2nd Round of IBU Testing Results (6 Beers...)

Post #1 made 6 years ago
I posted results from my first round of IBU testing results several months ago, same "Hopping". Below are my most recent results. Testing date was last Monday, 3/20/3017.

When people have their beer tested, frequently / normally it winds up low in IBUs, and frequently the home brewer blames bitterness estimation formulas (Tinseth, Rager, Garetz, etc.), which of course are not perfect... Would the formula(s) be more accurate if they used "just tested" fresh hops, where they could trust the listed AA number more? I think so... :think:

I believe it is as much or more due to loss of AA in the hop because of age, storage conditions, and storage temperature. Different varieties are better than others in maintaining Alpha Acid. Most Brewers make no adjustment for this... I used my Alpha Acid (AA) estimation Excel formulas / spread sheet (most recent version) on all of these to try to get a "closer" estimate and believe it to be a help, better than taking the AA listed on the package. Goes back to my question on "Do Hops Lose AA Content"...from a year or so ago: http://www.biabrewer.info/viewtopic.php ... 9c820bcca2. The current spreadsheet is obviously not perfect, and never will be, but for me is better than taking the posted AA on the package.

Price tag for these laboratory AA tests went up to $15 each...and 6 samples means $90 US... May need to be more selective on beers I want to test. Still the testing results are interesting.

Past Testing Link: http://www.biabrewer.info/viewtopic.php ... 9c820bcca2

All hops were northern hemisphere US hops, and I estimated September 1st of the harvest year for the AA test date, and then had approximate storage temperatures and months in each storage condition that were input into my AA estimation spreadsheet. With making adjustments, Hop quantity was INCREASED to account for loss of AA over time. Without these adjustments, actual tested AA would have been lower.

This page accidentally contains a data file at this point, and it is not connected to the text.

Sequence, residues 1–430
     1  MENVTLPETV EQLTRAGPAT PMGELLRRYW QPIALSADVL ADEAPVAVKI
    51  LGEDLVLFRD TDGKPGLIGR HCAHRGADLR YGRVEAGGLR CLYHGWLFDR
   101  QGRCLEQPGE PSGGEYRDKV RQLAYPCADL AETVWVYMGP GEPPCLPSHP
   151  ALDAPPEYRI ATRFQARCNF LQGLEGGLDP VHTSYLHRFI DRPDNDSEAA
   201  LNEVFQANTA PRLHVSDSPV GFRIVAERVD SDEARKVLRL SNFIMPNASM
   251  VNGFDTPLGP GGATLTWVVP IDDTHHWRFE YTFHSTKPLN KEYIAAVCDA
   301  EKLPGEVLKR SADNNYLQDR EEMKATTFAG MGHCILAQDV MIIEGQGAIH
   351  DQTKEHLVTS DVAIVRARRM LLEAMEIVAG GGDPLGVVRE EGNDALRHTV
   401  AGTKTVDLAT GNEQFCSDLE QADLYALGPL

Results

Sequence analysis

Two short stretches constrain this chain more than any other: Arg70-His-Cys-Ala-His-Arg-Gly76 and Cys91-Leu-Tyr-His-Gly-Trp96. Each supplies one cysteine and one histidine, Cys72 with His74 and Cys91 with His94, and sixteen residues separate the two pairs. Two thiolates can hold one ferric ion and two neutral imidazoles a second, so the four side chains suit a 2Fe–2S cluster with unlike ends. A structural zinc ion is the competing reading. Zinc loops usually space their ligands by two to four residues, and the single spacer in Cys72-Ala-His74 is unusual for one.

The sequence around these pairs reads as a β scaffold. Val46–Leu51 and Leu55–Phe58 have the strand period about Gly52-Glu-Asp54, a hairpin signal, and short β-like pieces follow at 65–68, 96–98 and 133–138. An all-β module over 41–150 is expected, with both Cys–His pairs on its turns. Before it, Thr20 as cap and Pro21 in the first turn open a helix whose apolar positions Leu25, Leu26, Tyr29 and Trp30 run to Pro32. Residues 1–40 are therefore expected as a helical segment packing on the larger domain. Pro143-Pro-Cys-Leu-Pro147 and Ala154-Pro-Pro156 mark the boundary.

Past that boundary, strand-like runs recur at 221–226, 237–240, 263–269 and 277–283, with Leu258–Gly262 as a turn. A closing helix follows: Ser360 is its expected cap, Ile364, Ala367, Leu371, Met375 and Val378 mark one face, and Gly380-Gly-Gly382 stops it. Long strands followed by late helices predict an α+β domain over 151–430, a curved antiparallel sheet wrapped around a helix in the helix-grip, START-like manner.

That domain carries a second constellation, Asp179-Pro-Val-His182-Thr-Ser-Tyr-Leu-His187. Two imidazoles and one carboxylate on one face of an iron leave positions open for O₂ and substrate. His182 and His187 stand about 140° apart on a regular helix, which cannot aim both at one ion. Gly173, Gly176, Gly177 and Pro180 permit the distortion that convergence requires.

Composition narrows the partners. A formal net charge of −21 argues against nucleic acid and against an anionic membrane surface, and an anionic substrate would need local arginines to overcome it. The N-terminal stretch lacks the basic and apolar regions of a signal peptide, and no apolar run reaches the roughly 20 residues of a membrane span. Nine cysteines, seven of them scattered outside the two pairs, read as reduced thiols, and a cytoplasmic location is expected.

Sample 1:
German Bock Lager
Brew Date: 16 September, 2016
OG: 1.067, FG: 1.018, ABV: 6.3%
2015 US Magnum Hops, 14.7% AA adjusted to 13.9% AA (75 min)
IBU (Tinseth Estimate): 36.0
Actual IBUs Tested: 28.0 (+/- 0.5)

Bock Notes: Turned out very well and definitely want to make this again! Tried to match up to the original, Einbecker Urbock Dunkel as well as possible, including its IBU level - which is higher than the Bock from Munich (perhaps because of Munich's harder water, which I understand will accentuate the bitterness in hops). Hops seem in balance...but will likely shoot for 36 again when I brew it again. That would be good too. Beer has tons of malt body and could handle more...although good "as is". With only 43 grams / 1.5 ounces in the hop bag, don't understand why IBU was so low.

Sample 2:
Sterling Bohemian Lager
Brew Date: 6 October, 2016
OG: 1.053, FG: 1.015, ABV: 4.9%
2015 Sterling Hops, 6.8% AA adjusted to 5.5% AA (75 min, 30 min, 10 min, & 0 min)
IBU (Tinseth Estimate): 40.6
Actual IBUs Tested: 33.0 (+/- 0.5)

Sterling Lager Notes: I got lazy on this... Several month old Urquel yeast "sloppy slurry", a nice size jar. Pitched it without making a fresh starter to get things going... Oops. Was really slow to take off, and FG finished a tad high... Not hoppy enough. I often blended this with a German Pilsner for a better balanced overall beer. (The German Pils turned out good but pretty hoppy).

Sample 3:
Dark Czech Lager
Brew Date: 29 October, 2016
OG: 1.055, FG: 1.014, ABV: 5.3%
2015 Sterling Hops, 6.8% AA adjusted to 5.5% AA (75 min & 5 min)
2015 Cz Saaz Hops, 3.2% AA adjusted to 2.3% AA (5 min)
IBU (Tinseth Estimate): 27.9
Actual IBUs Tested: 34.0 (+/- 0.5)

Dark Czech Lager Notes: Inspired by U Fleku, info I could find about it (a "Tmave Pivo"). Turned out nice. Used the freshly used Urquel yeast from the Sterling Bohemian Lager and it worked out well. Like a blend of a Munich Dunkel and a dry Irish Stout. Not super hoppy...

Sample 4:
German Pilsner
Brew Date: 20 November, 2016
OG: 1.055, FG: 1.014, ABV: 5.3%
2014 Santiam Hops, 6.9% AA adjusted to 3.9% AA (FWH @ 110 min, 10 min, 1 min)
2015 US Magnum Hops, 14.7% AA adjusted to 13.3% AA (5 min)